Title

Surface Cooling System for Fever Control in Neurocritical Care Patients: A Pilot Study

Document Type

Article

Publication Date

7-2-2019

Publication Title

Clinical neurology and neurosurgery

Abstract

OBJECTIVES: Fever occurs in up to 50% of critically-ill patients with acute neurological injury. Small temperature elevations have been correlated with increased morbidity and mortality in this patient population. We sought to evaluate a novel single-use surface cooling system for the treatment of fever in patients with acute brain injury.

PATIENTS AND METHODS: We conducted a retrospective analysis of a prospective product evaluation using the EMCOOLS Flex.Pad™ system for acute fever (≥38.3 °C) in our 16-bed neuro-ICU. Four refrigerated pads (-18 °C) were applied to the chest, back, and anterior thighs. Core temperature (bladder) was continuously recorded over 4 h, and the highest Bedside Shivering Assessment Scale (BSAS) score was recorded hourly.

RESULTS: Twelve subjects were included in the analysis. Mean age was 55 ± 9 years, 9 patients were men, and mean weight was 85 ± 12 kg. The most common primary diagnoses were subarachnoid (N = 5) and intracerebral (N = 4) hemorrhage. Application of the EMCOOLS system resulted in a linear 1.3 ± 0.6 °C drop (T0avg=38.9 (0)C, T90avg=37.6 (0)C, P=0.0032) in mean temperature over 90min, followed by a plateau with only one subject rebounding to >38 degrees C within 4h. Normothermia (<38.0 (0)C) was achieved in all but one patient (92%) in an average of 65min. Comatose patients displayed a non-significantly higher degree of cooling at 90min than did awake subjects (DeltaTcoma=1.74 degrees C vs DeltaTawake=0.74 degrees C hr(-1), P=0.067). There was no observed skin irritation upon removal of the device for any patients.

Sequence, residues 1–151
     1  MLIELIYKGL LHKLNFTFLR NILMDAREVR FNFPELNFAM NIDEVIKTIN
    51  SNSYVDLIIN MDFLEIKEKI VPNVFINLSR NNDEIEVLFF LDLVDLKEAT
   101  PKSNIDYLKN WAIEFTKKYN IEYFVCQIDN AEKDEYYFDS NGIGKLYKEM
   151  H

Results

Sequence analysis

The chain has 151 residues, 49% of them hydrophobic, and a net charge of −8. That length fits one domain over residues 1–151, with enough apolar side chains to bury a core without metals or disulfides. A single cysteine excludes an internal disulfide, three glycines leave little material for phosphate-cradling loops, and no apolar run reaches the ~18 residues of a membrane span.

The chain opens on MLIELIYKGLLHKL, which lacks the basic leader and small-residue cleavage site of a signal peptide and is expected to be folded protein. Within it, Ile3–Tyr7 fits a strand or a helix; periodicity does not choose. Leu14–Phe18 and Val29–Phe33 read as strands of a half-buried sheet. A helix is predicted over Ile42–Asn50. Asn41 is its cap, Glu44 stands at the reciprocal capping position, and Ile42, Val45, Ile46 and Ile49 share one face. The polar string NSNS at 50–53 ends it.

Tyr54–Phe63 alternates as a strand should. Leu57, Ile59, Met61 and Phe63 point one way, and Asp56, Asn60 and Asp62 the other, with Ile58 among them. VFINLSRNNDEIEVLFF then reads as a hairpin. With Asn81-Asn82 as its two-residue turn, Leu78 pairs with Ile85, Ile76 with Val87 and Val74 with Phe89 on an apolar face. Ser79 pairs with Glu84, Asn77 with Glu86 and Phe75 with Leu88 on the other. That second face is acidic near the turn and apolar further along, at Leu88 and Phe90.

CONCLUSION: The EMCOOLs system is a well-tolerated, safe and effective short-term intervention for control of fever in neurological patients. Future studies are needed to compare efficacy of the EMCOOLs to other devices and interventions.

PubMed ID

31323544

ePublication

ePub ahead of print

Volume

184

First Page

105412

Last Page

105412

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